Robert DeNiro / Norah Jones
December 7, 2002

By Mike LeBlanc

PRE-SHOW THOUGHTS: Will De Niro, as Travis Bickle,
take Drunk Girl for a cab ride? Will De Niro, as
Rupert Pupkin, kidnap Lorne Michaels in order to host
SNL? Will De Niro, as Jake La Motta, get a catchphrase
from Ferecito? Will De Niro, as a gangster, rough up
the featured players?

COLD OPENING: In which one of America's finest actors
stiffly rattles off an series of dick and fart jokes.
It reminds me of the time Sir Laurence Olivier
appeared on The Benny Hill Show and chased
large-breasted girls through London parks in
fast-motion. No, wait -- that never happened.

Hammond's much-improved Tom Ridge impersonation is
rather tame but he's just a warm-up act for De Niro. I
laughed hard at a couple of these but felt grungy and
slightly nauseated about it almost immediately
afterward. This is extremely cheap stuff. Can't even
begin to imagine how the vast Arab-American viewership

THE MONOLOGUE: In which one of America's finest actors
picks the wrong season in which to host SNL. Maybe
expectations are too high but you would think that,
with 28 years to prepare for this night, either SNL or
De Niro would rise to the occasion. His unenthusiastic
monologue isn't up to the level of, say, fellow acting
giant Sir Ian McKellan's (who seemed genuinely
delighted to host and had much wittier things to say).
As for the sketches, one of the acting profession's
great improvisers spends the night awkwardly reading
his lines off cue cards, as if this were a rehearsal.
He demonstrates little of his usual skill, charisma,
or even interest. The impression is that this was more
of a chore for De Niro than an opportunity or a

FAKE McDONALD'S AD: Less interesting than any genuine
McDonald's ad. Anybody who wants a good laugh on this
topic should visit -- a
website devoted to debunking Mickey D's corporate

THE JEFFERSONS: In which one of America's finest
actors pokes fun at his well-known penchant for dating
black women. Not long ago, Howard Stern asked former
SNL cast member Chris Rock about De Niro's fetish and
Rock suggested that (I'm paraphrasing) liking black
chicks was probably the most rock 'n' roll thing an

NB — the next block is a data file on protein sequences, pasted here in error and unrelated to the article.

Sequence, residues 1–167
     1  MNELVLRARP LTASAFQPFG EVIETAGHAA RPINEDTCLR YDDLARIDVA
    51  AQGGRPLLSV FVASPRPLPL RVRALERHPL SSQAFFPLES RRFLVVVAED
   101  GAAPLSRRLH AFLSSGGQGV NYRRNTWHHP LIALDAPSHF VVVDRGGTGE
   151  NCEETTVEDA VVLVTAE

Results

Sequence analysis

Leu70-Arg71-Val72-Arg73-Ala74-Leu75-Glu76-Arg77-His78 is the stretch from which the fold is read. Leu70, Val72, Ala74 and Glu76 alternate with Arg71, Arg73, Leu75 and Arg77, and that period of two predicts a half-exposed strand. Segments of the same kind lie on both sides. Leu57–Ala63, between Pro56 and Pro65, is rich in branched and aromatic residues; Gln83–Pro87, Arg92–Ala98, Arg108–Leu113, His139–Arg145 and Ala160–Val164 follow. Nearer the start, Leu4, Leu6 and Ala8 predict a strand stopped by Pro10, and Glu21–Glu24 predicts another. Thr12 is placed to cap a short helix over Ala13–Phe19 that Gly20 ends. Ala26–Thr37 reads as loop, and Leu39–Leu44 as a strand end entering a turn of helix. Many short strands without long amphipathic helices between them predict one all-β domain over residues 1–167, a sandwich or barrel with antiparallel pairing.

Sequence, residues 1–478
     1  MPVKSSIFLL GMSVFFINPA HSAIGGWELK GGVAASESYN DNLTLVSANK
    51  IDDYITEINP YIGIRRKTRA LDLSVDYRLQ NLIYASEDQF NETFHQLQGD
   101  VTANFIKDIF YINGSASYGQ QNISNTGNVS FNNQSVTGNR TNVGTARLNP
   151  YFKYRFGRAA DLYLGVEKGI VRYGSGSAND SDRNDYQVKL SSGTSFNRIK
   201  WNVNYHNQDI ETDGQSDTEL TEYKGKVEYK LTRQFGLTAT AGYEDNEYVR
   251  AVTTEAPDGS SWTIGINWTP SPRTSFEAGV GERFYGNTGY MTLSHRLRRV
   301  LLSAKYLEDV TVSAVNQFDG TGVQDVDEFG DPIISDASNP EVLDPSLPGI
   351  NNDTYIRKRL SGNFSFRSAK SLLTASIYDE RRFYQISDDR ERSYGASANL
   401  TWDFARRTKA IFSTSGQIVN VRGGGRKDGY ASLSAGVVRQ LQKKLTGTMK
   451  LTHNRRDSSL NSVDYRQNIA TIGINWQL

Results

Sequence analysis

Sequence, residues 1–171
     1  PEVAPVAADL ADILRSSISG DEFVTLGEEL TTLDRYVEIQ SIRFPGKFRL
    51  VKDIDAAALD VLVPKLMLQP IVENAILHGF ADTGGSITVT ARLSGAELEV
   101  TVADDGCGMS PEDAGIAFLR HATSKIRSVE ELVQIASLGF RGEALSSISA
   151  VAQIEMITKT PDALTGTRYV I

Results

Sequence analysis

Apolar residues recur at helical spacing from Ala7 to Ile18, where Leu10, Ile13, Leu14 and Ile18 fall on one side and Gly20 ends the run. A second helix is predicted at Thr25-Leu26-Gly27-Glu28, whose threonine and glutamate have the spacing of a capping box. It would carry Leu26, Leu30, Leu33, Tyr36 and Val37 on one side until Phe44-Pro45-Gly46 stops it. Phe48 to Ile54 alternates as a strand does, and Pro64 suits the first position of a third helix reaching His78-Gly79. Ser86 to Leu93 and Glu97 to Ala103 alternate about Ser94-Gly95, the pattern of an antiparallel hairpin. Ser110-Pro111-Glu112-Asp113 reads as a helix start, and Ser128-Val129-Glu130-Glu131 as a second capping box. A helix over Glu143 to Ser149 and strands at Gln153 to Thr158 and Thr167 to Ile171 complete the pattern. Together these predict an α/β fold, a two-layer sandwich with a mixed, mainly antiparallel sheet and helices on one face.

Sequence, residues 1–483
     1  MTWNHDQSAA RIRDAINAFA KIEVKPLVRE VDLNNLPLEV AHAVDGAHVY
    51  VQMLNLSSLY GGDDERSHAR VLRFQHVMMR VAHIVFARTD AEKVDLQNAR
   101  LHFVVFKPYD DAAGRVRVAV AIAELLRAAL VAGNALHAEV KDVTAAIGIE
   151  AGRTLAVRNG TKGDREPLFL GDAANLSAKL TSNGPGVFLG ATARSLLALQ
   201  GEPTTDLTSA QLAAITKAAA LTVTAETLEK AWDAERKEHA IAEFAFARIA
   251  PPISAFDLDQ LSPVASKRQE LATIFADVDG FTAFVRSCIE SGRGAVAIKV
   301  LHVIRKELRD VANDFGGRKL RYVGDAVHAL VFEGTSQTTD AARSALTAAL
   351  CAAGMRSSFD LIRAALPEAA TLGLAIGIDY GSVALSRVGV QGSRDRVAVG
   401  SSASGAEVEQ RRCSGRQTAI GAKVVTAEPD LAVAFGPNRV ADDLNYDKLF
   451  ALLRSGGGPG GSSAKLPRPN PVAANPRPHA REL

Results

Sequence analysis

Italian-American guy could do.

De Niro as Thomas Jefferson hits on Rudolph as Sally
Hemings while white guys Parnell, Fallon and Forte
kibitz with some mildly amusing anachronisms.
Shockingly, De Niro may be the worst player in the
sketch. He mangles his first joke and pays more
attention to the cue cards than to Rudolph who is,
meanwhile, acting rings around him. It helps that she
gets the best lines. But sketches with the institution
of slavery as a backdrop rank with Holocaust sketches
on my queasiness-o-meter -- the massive atrocities
tend to get trivialized.

America's finest actors dresses like Peter Pan and
roughs up Seth Myers and Jeff Richards. Again, De Niro
comes off looking poor next to Kattan and Company in a
sketch that's more predictable than funny.

Whoever's responsible seems to have been more familiar
with Disney than James Barrie's original which is too
bad because De Niro would make a terrific Captain Hook
opposite Kattan's Pan.

of America's finest actors plays a department store
Santa at odds with his girlfriend, the elf (Rudolph,
again out-performing the host). The De Niro-Rudolph
part of the sketch is fine and might have led
somewhere interesting but Dratch and Parnell play
italicized ciphers in poorly-conceived roles and the
whole thing ends limply and unconvincingly.

U.N. WEAPONS INSPECTORS: I half-expected the next
sketch to be "The Guy Who Plays the Tooth Fairy is a
Jerk" but, fortunately, we got something else.
Unfortunately, it's not much. A mercifully short
one-joke bit. I'm not sure I should even dignify it
with a comment.

JUDGE HORACE: My first reaction to Tracy Morgan's
make-up for this role was: he only needs to add a
frizzy wig and a some fake teeth and he could pass for
Harvard professor Cornel West, a public figure ripe
for satire.

The sketch itself is kind of blah. Will Forte was more
convincing as a judge a few weeks ago than as a
bailiff here. Horatio Sanz, in drag, is allowed to
play a relatively quiet role and does just fine. In
fact, he may be the most interesting thing in the

NORAH JONES: Decent, unexciting stuff. Still, it's a
nice change of pace from the rap and hip-hop of the
last three musical guests and changes of pace are
always welcome, even bland ones.

WEEKEND UPDATE: The rot spreads. Like a cruise ship
virus, the unevenness that the show has suffered from